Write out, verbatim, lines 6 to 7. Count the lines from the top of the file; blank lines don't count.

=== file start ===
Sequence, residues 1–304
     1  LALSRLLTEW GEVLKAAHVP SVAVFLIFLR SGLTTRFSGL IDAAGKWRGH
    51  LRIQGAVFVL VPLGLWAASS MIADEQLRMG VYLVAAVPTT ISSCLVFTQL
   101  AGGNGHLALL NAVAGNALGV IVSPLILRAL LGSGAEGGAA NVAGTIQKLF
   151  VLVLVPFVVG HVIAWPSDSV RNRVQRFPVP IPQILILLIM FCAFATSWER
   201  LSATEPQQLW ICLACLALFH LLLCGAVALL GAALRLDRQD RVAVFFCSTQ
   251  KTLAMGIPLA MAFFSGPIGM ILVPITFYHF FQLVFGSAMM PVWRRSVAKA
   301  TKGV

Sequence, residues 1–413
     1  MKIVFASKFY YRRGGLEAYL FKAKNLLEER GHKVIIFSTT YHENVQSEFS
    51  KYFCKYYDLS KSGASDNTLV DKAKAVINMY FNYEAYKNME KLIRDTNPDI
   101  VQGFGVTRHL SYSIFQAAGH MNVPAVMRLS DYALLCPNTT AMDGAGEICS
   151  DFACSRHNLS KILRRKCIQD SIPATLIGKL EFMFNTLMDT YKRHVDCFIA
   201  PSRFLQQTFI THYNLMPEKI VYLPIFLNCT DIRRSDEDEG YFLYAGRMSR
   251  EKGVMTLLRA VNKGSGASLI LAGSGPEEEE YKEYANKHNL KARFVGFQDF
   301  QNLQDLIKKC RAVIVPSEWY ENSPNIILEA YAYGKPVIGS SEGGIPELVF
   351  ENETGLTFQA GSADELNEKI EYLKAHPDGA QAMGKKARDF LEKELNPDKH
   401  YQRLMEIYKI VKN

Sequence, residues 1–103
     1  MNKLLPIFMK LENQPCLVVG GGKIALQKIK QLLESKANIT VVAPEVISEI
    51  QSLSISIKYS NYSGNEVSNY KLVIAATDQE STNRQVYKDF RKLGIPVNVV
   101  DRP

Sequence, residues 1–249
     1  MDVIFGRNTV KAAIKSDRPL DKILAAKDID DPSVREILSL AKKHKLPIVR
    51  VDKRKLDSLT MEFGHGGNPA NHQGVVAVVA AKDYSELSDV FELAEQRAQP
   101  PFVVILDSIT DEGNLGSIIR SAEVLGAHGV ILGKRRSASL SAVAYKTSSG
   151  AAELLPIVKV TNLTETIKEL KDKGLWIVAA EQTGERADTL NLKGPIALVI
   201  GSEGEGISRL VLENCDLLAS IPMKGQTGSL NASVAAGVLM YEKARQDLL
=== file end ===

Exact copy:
   201  LSATEPQQLW ICLACLALFH LLLCGAVALL GAALRLDRQD RVAVFFCSTQ
   251  KTLAMGIPLA MAFFSGPIGM ILVPITFYHF FQLVFGSAMM PVWRRSVAKA